High-dose therapy followed by autologous purged stem-cell transplantation and doxorubicin-based chemotherapy in patients with advanced follicular lymphoma: a randomized multicenter study by GOELAMS

Eric Deconinck, Charles Foussard, Noel Milpied, Philippe Bertrand, Patrick Michenet, Pascale Cornillet-LeFebvre, Martine Escoffre-Barbe, Herve Maisonneuve, Vincent Delwail, Remy Gressin, Eric Legouffe, Jean-Pierre Vilque, Bernard Desablens, Jerome Jaubert, Jean-François Ramee, Arash Jenabian, Antoine Thyss, Annick Le Pourhiet-Le Mevel, Philippe Travade, Roselyne Delepine and Philippe Colombat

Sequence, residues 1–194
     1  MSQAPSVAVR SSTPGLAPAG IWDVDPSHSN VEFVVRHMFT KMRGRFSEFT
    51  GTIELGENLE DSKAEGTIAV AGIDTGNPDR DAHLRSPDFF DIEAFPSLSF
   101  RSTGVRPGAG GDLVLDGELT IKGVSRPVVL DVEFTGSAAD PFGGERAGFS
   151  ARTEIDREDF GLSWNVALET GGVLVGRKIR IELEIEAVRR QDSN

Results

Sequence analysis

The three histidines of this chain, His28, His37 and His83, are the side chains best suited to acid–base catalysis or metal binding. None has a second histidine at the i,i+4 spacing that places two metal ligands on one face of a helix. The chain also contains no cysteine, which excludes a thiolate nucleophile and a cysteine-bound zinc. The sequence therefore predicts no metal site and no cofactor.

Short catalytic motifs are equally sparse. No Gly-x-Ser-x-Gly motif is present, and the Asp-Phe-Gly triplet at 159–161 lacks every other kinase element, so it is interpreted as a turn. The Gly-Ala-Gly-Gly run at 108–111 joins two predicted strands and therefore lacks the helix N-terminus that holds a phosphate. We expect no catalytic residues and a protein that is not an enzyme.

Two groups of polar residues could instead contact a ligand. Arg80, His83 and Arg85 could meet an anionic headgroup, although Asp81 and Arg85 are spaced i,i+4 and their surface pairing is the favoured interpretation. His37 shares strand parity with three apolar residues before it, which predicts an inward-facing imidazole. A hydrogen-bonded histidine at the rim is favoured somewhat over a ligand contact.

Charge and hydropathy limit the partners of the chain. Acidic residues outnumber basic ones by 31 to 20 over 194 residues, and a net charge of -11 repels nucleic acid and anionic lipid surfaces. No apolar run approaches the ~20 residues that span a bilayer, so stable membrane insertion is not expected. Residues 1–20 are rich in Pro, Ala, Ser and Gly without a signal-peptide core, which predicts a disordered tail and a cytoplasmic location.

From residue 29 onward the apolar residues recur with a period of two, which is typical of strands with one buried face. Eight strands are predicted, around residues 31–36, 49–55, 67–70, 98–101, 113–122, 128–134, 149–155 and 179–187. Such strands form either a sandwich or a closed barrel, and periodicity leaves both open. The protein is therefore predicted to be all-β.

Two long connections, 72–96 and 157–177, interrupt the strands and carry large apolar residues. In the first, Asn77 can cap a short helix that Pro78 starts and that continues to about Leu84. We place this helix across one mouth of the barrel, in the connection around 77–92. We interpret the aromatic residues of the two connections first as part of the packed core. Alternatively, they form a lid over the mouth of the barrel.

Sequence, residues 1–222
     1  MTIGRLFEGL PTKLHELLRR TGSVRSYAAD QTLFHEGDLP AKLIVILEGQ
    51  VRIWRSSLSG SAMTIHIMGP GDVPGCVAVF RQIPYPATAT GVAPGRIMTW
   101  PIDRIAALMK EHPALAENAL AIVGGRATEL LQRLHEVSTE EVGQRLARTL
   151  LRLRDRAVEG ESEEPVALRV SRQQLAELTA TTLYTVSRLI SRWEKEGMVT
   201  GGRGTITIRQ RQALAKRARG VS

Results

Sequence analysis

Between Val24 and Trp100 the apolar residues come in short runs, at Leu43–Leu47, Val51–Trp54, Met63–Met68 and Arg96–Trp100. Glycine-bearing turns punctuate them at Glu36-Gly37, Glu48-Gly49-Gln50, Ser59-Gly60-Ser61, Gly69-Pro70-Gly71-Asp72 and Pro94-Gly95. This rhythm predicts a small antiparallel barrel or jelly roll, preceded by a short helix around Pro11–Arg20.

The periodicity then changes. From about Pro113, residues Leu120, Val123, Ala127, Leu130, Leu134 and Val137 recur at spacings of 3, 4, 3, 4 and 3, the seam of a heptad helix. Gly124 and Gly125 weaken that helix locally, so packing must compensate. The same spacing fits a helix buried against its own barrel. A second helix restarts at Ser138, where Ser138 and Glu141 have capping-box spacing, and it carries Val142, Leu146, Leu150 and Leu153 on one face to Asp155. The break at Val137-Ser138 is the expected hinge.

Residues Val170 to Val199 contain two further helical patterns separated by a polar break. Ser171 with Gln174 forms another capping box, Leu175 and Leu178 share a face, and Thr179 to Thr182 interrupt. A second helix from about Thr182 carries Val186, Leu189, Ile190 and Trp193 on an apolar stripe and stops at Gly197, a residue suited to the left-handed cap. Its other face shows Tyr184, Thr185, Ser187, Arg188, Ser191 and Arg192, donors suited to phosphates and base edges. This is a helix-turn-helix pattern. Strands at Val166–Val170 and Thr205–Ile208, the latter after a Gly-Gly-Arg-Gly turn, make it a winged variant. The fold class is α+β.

Doxorubicin-based immunochemotherapy, with interferon, has been shown to improve survival in patients with advanced follicular lymphoma. High-dose chemotherapy with stem-cell support is effective in follicular lymphoma in relapse but remains controversial as a first-line therapy. In a randomized study using a purged autologous stem-cell support, we compared these 2 approaches in patients with advanced follicular lymphoma. Newly diagnosed advanced follicular lymphoma patients (172 patients) were randomly assigned either to an immunochemotherapy regimen (cyclophosphamide, doxorubicin, teniposide, prednisone, and interferon) or to a high-dose therapy followed by purged autologous stem-cell transplantation. Compared with the patients who received chemotherapy and interferon, patients treated with high-dose therapy had a higher response rate (69% vs 81%, P = .045) and a longer median event-free survival (not reached vs 45 months). This did not translate into a better survival rate due to an excess of secondary malignancies after transplantation. The Follicular Lymphoma Prognostic Index identified a subgroup of patients with a significantly higher event-free survival rate after high-dose therapy. Autologous stem-cell transplantation cannot be considered as the standard first-line treatment of follicular lymphoma for patients younger than 60 years old with a high tumor burden.